Although advertising in signature files could become a problem, unlike spam, it is more localized and can still be controlled within a group. Ultimately, spam and advertising in the signature file can be controlled up to a point through appropriate use of filters and moderation, but clickable advertising in the mail opens a Pandora’s box that goes far beyond unwanted mail or meaningless text at the end of the mail.

Most worrying is the problem of security. In order to send a clickable advertising attachment in the email, a small program must first be installed so that the email can be accessed in order to attach the advertisement. The risks are obvious, especially if Internet providers decide to use such advertising attachments as a mandatory part of their service.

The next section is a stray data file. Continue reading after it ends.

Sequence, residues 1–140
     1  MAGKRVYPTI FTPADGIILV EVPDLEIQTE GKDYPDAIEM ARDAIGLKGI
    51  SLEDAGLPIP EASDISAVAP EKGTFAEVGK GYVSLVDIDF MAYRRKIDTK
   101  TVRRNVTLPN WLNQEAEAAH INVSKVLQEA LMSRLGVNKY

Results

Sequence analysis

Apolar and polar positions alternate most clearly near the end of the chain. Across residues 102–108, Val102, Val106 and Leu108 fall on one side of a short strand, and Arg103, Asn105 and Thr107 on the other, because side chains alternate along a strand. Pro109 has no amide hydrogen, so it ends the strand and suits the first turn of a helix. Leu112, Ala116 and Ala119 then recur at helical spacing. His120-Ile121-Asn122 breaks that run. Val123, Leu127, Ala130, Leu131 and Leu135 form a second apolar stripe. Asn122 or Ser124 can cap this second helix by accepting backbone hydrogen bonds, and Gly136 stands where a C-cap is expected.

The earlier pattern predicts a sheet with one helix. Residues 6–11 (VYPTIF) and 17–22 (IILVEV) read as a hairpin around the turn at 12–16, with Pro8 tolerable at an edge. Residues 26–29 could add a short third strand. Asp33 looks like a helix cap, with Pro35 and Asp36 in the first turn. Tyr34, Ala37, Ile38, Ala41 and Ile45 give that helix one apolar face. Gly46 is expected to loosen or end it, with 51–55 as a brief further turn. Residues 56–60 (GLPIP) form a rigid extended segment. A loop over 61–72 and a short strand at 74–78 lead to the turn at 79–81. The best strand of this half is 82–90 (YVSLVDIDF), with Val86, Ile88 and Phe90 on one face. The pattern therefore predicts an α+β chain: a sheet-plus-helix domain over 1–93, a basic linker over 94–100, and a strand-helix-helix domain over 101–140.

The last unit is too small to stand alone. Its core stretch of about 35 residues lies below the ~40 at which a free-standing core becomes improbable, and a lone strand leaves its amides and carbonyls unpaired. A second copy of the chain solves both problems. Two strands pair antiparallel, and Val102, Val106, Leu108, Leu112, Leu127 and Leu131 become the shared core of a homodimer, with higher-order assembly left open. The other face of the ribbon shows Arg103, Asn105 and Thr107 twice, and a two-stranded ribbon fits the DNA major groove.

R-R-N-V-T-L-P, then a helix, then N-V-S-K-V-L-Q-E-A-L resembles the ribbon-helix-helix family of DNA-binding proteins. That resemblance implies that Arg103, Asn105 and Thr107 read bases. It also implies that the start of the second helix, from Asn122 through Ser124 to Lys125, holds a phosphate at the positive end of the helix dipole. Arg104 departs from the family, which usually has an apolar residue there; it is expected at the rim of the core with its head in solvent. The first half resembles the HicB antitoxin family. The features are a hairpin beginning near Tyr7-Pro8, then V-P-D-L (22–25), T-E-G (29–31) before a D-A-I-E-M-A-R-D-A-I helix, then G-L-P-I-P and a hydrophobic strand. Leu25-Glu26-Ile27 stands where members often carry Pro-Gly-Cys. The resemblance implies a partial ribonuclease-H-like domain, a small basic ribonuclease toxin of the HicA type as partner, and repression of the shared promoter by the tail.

A less obvious problem is objectionable advertising. Since email has no age or gender restrictions, porn advertising attached to mail sent to or from children may make the Internet seem like a den of perversity. And of course, clickable advertising attachments in emails will undoubtedly generate even more spam.

Despite these drawbacks, some try to justify the use of such mail advertising. Kelly Wanser, senior managing director of Epidemic Marketing, explains the propensity for this method this way: “Individual email users will thus be able to get a share of the revenue from advertising and direct marketing.” Another justification is the same one used for the use of banner advertising, namely that it helps to finance Internet services “services”. So in this case email. “The Web is a place where advertising is everywhere, and as much as people complain about the number of banner ads, I’m not convinced they really want the alternative”, writes Joe Burns from the HTML Goodies site. “Running a serious domain on the web is quite expensive. These banners make it possible to keep the offer free of charge.”